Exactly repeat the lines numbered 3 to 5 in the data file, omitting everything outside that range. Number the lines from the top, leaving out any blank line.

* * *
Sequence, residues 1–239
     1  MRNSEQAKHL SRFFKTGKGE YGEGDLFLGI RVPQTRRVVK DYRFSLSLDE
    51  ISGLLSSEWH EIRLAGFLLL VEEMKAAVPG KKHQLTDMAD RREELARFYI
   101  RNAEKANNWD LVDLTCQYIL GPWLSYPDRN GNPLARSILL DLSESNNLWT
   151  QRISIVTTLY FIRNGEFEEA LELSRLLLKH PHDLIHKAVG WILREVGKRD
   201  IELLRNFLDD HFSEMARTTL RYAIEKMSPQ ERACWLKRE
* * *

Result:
    51  ISGLLSSEWH EIRLAGFLLL VEEMKAAVPG KKHQLTDMAD RREELARFYI
   101  RNAEKANNWD LVDLTCQYIL GPWLSYPDRN GNPLARSILL DLSESNNLWT
   151  QRISIVTTLY FIRNGEFEEA LELSRLLLKH PHDLIHKAVG WILREVGKRD